Talking with them and Tarique’s friends reminded me of how differently white people and black people see the police, how they’re treated, how the general public understands the machinations of a major investigation, and how it might be possible to improve communication for all involved. I did my best to explain what I understand to be the process, which I think helped, but… I’m going to have to think about this a bit more before I send off the email the Ottawa Police Service about that.

They left flowers and candles; it will be a long time – if ever – before I can walk out of the place and not think of Tarique, his father, mother, sister, and friends I met that day, the dead connecting the living.

We finally managed to get our follow-up video interviews scheduled early Friday morning (eight in the morning is really, really early for me). We went down to the police station, met with the detective and were interviewed separately, which is about the extent of our official involvement in the investigation unless there is a trial, in which case one or both of us may be called upon to testify.


I’ve received a fair number of questions since the post, so I thought I’d gather them up and get them out of the way in one bunch.

Do we feel less safe now?

No. We’ve lived in the neighbourhood for going on twenty years, and the character of the area hasn’t changed; if anything I think it’s gotten safer. That said, I did have a conversation with the owner of FlatBook about improving safety and security of their bookings.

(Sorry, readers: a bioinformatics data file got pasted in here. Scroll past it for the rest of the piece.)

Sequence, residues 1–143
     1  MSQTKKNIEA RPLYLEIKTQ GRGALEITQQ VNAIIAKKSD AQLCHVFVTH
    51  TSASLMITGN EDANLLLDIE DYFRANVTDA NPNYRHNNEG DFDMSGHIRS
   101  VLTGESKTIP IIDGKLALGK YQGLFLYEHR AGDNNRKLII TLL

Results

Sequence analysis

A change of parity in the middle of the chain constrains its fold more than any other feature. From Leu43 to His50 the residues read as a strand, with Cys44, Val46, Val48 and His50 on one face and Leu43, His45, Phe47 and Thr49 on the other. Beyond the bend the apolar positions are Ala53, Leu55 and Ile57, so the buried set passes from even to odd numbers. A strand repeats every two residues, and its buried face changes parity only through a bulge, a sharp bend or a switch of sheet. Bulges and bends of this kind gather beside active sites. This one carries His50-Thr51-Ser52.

How fast were the police there?

I checked my phone log today; the 911 call duration was seven minutes. I’d estimate the first officer arrived in four minutes or less.The call ended (I believe) once I had been relieved by the police officer.

Why didn’t you just stay in your place where it was safe?

Technically we both violated the first rule of first responders; make sure the scene is safe. In the scheme of things, I think it was the correct decision.

Has this changed your position on gun control?

No. I’ve been in favour of restricting access to firearms greatly, registering every existing weapon, and requiring extensive background checks & training for a long time. Tarique’s murder reaffirmed to me that my position is correct.

I received a couple of questions about “the gory details”.


6 thoughts on “Follow up on the events of July 10, 2016”

  1. Love and caring your way.
    The “we are not heroes” resonated with me. I have never been able to articulate why that bothered me so much when people said it. There is never any question about doing what needs to be done when you are first on a scene. It was something that happened, not something I did.
    Also resonated with that process where “the young stranger” becomes someone with a name and family who are mourning.Your grief is so different from their grief, you see a stranger and they lose someone so significant and vital to their lives, all you can do is witness and honour their mourning.